One of the most commonly asked questions with regard to any chemical that is used in the marketplace is “is it biodegradable”?
This applies to insecticides, detergents, dry-cleaning fluids, herbicides and so on. And the reason is that today we have an understanding of ecosystems that we didn’t have 50 years ago, and the need for any chemical that we place into the environment to biodegrade, and therefore have no lasting impact on the environment.
50 years ago, the very opposite was the case. You see. another word for “biodegradable” is “unstable”. And back then, that was a bad thing. Back then we wanted chemicals to last for, well, forever if possible. When we sprayed a surface insecticide we wanted it to last forever. And this was the great advantage of DDT. As a chlorinated insecticide it was extremely stable (ie not biodegradable), and so it could be blasted here there and everywhere, knowing that we wouldn’t have to come back for a while.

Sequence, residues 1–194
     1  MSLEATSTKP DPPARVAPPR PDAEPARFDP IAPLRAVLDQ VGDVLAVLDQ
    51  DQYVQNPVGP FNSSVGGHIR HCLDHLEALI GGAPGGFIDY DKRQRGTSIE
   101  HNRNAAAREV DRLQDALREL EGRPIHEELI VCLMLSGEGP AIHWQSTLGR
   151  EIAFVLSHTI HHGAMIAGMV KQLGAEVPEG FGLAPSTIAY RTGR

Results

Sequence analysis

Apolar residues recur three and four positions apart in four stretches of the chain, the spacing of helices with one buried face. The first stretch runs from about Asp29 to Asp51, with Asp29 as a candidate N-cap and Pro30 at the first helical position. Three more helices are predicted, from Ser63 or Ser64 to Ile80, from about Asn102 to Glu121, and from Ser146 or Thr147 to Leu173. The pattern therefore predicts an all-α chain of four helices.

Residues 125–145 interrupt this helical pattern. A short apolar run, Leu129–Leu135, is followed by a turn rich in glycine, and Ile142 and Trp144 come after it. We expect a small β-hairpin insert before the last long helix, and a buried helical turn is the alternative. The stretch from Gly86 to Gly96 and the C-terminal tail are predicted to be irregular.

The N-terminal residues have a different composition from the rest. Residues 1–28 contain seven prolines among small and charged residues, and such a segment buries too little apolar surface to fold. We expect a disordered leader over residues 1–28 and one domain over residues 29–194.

But as time marched on, we started to realize that these chemicals were starting to accumulate in the environment, and in some cases they have caused disruption of ecosystems that was never originally intended.
So now you pretty much cannot use a chemical in the marketplace if it is not biodegradable. And this even applies to dry cleaning fluids. It used to be the case that when you had your clothes dry cleaned, the chemical of choice was 1,1,1-trichloroethane, a triply chlorinated solvent that was also contained in the original formula of Preen aerosol. That now is out the door, to be replaced by something that is biodegradable. I’m not sure how well these newer chemicals work, however, as I tend not to get things dry cleaned. One thing I do know, however, is that today’s Preen is not a patch on the old stuff. Tomorrow we’ll start lookin at exactly how biodegradation works in world around us.